Singapore has taken recycling to a whole new level, in the process, securing safe, drinking water for its citizens for centuries to come.
The world can learn a thing or two on water recycling from Singapore. Faced with diminishing freshwater sources, its national water agency, the Public Utilities Board (PUB), has tapped an unlikely resource-used, dirty, down-the-toilet-bowl, sewage water.
Using a combination of microfiltration, reverse osmosis technology and ultraviolet disinfection, Singapore’s scientists have perfected the process of transforming sewage water into new, clean, safe drinking water. And since every corner of this bustling city is connected to a single sewerage system, Singapore will never run out of sewage water as long as its residents keep flushing.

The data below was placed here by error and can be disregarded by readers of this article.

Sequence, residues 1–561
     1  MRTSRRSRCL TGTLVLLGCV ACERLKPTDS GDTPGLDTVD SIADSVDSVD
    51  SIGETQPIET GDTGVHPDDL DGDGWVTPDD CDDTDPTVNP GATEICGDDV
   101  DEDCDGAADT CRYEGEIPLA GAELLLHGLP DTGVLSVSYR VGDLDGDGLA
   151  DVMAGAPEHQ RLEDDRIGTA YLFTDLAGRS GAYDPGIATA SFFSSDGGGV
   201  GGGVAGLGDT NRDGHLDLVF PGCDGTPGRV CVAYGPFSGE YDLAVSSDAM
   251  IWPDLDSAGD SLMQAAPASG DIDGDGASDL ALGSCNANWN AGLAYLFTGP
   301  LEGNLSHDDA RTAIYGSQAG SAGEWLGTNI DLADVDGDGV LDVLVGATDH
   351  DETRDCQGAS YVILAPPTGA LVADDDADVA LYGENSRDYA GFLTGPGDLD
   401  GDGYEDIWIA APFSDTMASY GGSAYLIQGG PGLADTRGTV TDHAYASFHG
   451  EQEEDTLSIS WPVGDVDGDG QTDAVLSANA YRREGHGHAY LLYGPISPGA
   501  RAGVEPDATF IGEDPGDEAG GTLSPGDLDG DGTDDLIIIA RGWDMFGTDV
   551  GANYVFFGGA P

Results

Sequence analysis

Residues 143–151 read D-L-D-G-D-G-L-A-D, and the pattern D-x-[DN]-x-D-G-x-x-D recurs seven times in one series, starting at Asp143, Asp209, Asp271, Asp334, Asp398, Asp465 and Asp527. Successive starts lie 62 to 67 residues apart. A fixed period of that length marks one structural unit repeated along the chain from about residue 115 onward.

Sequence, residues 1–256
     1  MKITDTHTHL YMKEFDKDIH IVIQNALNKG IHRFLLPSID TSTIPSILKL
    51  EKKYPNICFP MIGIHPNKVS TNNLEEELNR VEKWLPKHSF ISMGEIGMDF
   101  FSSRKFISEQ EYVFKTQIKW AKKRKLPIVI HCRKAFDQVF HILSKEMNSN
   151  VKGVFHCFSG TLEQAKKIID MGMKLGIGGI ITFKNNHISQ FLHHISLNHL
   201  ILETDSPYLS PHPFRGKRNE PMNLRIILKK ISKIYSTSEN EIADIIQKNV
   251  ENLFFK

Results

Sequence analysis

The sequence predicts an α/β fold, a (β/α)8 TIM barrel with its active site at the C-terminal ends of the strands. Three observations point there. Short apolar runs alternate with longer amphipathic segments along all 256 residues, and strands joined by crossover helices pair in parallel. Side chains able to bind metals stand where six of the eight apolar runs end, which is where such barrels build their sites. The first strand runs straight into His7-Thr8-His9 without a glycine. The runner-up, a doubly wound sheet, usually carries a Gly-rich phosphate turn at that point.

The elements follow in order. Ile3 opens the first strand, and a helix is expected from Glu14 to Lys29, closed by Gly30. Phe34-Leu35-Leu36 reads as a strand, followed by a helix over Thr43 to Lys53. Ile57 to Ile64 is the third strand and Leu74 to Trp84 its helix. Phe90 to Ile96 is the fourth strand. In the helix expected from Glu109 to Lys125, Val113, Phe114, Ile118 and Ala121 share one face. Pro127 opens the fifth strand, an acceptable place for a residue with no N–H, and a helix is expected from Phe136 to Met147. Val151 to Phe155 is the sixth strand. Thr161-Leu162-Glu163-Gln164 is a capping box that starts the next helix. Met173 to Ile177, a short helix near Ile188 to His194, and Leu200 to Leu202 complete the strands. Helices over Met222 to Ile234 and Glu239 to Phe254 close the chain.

Aptly branded NEWater, this reclaimed or recycled water is one of Singapore’s “four national taps” or freshwater sources providing 7% of the country’s water demands.
- View the NEWater production process presentation.
- Visit the PUB website.
- Read the Singapore Straits Times article on Asia can tap S’pores water expertise
- Read the Singapore Straits Times article on Assurance on NEWater.
- Singapore Water Action: Technology Turns Water Weakness into Strength.
- Read the Clean, Green and Blue: Singapore’s Journey Towards Environmental and Water Sustainability Book.
Read more: Cezar Tigno, ADB, Dec 2008